Varnava (Prokofiev) of Cannes

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His Grace, the Right Reverend Varnava (Prokofiev) was the auxiliary Bishop of Cannes in the administration of the Western European diocese of the Russian Orthodox Church Outside Russia. Now retired, Bp. Varnava is an extremely controversial figure in the history of the ROCOR because of his leading role in ROCOR's involvement in Russia in the 1980s and 1990s, and subsequent schism following the 2001 Council of Bishops of ROCOR.


The future bishop was born Vladimir Nikolaevich Prokofiev in 1945 in Paris, France, to a family of Russian nobility émigrés. He served obedience on Mount Athos before being ordained to the priesthood and subsequently becoming rector of St Michael the Archangel Cathedral in Cannes, France.

The Controversy

In 1980, by the decision of the Council of Bishops of the ROCOR, made in complete secrecy, Fr. Vladimir was consecrated Bishop Varnava and appointed to serve secretly the needs of the Russian Catacomb Church. In 1981, through connections at the French embassy in Moscow, Bp. Varnava clandestinely entered the Soviet Union, using a tourist visa as cover. He then single-handedly consecrated Archimandrite Lazar (Zhurbenko) a bishop for the Catacomb Church. Archimandrite Lazar was a member of a group of Russian Catacombists who joined the ROCOR in 1975.

In 1990, after a decision of the Synod of Bishops, Bp. Varnava openly revealed his episcopacy. At that time, he was appointed Bishop of Cannes, Vicar for the Western European diocese. In 1992, the Synod sent Bishop Varnava to Russia for the purpose of organizing a Synodal epitropy in Moscow to administer ROCOR's growing number of Russian parishes. After entering Russia, Bishop Varnava immediately came under the influence of Protopriest Alexey Averianov, who became his secretary and assistant, helping the émigré bishop "acclimate" to the rapidly changing Russian social and political environment. Protopriest Averianov subsequently was suspended by the Synod for bigamy. In March 1992, Protopriest Averianov arranged for a portion of the former Ss Martha and Mary Convent of Mercy to be converted for church use and become the Synodal epitropy (representation) in Russia as well as headquarters for Bp. Varnava. At that time the former convent housed a state-run hospital. At the same time, through Fr. Averianov’s connections, it also became the unofficial headquarters of the Patriotic-Nationalist front "Pamiat" (Remembrance), a far-right Russian extremist group. On March 19, 1992, a press conference was held at the convent, at which Protopriest Averianov announced the endorsement and alliance with Pamiat of Bp. Varnava and Metr. Vitaly . It later turned out that Metr. Vitaly knew nothing of this announcement. Then, in May 19, 1992, Bp. Varnava participated in Pamiat's public demonstration in Moscow.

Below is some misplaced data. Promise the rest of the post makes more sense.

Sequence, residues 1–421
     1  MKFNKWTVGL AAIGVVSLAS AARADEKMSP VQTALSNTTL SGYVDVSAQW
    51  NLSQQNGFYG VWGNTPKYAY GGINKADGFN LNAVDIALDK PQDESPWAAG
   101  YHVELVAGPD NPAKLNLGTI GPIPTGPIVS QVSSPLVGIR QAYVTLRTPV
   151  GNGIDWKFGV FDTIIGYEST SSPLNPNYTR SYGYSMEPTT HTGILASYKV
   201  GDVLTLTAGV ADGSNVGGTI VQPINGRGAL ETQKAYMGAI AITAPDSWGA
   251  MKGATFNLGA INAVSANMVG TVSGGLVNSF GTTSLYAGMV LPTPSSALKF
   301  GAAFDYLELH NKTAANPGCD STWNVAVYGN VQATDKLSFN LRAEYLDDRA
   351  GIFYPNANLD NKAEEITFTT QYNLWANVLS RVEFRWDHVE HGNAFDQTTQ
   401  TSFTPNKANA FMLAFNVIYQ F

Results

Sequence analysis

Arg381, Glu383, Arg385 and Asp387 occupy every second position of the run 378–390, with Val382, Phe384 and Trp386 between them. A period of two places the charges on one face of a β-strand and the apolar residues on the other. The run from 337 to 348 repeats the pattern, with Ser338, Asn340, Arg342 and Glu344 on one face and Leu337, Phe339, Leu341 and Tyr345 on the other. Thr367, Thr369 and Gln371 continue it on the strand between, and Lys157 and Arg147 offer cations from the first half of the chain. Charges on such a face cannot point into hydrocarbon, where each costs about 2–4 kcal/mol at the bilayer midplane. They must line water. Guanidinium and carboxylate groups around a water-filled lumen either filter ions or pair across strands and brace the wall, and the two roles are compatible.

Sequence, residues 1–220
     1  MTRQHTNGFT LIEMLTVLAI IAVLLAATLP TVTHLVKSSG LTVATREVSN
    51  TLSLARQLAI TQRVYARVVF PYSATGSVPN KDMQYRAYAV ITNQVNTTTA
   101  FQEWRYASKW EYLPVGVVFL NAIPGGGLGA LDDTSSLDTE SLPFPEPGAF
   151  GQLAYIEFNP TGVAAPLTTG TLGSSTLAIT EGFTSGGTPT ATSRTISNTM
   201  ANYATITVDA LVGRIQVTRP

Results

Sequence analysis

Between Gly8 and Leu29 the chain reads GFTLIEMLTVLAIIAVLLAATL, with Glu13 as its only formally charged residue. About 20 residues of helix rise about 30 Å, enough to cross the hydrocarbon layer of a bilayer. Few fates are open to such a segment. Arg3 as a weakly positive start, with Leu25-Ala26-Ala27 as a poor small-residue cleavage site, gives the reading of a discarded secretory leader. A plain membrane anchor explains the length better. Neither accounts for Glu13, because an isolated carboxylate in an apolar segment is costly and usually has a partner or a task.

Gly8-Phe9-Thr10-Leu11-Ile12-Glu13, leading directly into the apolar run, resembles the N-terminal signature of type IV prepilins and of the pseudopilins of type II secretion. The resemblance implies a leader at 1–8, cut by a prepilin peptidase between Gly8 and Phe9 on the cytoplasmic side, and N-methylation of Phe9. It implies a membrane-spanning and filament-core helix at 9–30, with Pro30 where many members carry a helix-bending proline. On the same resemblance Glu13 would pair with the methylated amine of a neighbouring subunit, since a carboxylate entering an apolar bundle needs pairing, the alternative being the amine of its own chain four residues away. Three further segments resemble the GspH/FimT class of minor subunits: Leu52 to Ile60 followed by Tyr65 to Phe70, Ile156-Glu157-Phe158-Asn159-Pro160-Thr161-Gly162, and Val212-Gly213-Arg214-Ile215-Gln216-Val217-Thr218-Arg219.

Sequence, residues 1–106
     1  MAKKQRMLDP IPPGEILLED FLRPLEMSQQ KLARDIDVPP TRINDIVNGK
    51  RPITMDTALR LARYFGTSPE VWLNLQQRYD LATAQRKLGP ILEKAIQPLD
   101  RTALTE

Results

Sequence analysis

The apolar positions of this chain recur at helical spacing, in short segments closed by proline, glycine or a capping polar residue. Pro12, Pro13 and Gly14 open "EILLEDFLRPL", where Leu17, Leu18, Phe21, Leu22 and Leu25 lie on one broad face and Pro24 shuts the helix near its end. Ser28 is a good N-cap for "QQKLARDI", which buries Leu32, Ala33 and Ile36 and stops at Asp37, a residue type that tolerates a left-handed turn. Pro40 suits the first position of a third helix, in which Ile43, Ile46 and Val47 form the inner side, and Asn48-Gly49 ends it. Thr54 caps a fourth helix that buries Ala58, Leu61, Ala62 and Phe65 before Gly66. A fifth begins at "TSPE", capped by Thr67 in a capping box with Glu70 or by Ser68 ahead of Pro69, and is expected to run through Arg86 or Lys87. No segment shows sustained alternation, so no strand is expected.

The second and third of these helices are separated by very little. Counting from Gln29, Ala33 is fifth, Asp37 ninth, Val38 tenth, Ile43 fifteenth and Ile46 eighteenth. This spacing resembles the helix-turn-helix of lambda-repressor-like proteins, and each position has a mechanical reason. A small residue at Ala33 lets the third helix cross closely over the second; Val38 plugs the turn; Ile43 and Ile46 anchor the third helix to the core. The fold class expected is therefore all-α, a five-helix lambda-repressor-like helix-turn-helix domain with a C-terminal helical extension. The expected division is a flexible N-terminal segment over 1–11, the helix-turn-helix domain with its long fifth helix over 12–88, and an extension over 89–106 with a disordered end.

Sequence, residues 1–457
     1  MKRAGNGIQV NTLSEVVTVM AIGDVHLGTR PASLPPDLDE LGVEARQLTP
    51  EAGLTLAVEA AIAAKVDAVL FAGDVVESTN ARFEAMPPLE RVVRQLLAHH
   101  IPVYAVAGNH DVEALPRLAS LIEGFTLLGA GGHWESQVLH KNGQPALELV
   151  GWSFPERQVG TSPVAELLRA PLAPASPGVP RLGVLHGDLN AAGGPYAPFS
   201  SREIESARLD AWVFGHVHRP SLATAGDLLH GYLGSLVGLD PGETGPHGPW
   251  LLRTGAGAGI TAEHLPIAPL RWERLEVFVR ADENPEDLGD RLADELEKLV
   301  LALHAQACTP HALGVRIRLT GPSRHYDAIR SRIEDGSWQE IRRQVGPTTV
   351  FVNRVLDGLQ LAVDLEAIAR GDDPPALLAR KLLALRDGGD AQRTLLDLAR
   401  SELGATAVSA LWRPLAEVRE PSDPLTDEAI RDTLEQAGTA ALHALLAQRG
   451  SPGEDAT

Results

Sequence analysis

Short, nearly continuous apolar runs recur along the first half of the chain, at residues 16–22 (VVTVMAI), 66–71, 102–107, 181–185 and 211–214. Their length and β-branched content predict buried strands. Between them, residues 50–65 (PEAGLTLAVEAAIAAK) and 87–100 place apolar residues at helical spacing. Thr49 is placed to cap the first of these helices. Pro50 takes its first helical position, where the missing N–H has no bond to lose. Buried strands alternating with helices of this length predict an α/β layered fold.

Bp. Varnava's involvement with Pamiat quickly and irrevocably hurt the reputation of ROCOR in Russia. The democratic press, previously supportive of ROCOR as an alternative to the "communist" Patriarchate became highly critical of its perceived affiliation with marginalized far-right groups. In addition, Averianov's meddling in the affairs of other ROCOR dioceses in Russia led to a full blown conflict among Bishops Varnava, Lazar (Zhurbenko), and Valentine (Rusantsev), the other ROCOR bishops in Russia. This placed ROCOR's affairs in Russia into total disarray. Metr. Vitaly repeatedly distanced himself from the actions emanating from the Martha and Mary Convent of Mercy. His vicar, Bishop Hilarion of Manhattan was sent to Moscow and gave an interview to the Russian journal Ogonek (the Little Light)

In mid 1993, Bp. Varnava wrote to the head of the self-proclaimed Kiev Patriarchate asking for eucharistic communion to be established between it and the ROCOR. This letter forced the Synod to respond by removing Bp. Varnava from his position as Synodal Representative in Moscow. Bp. Varnava continued to serve at the Ss Martha and Mary Convent before being ousted by members of Pamiat, who decided to return to the Moscow Patriarchate. After briefly serving in Valischevo village near Moscow, Bishop Varnava returned to France.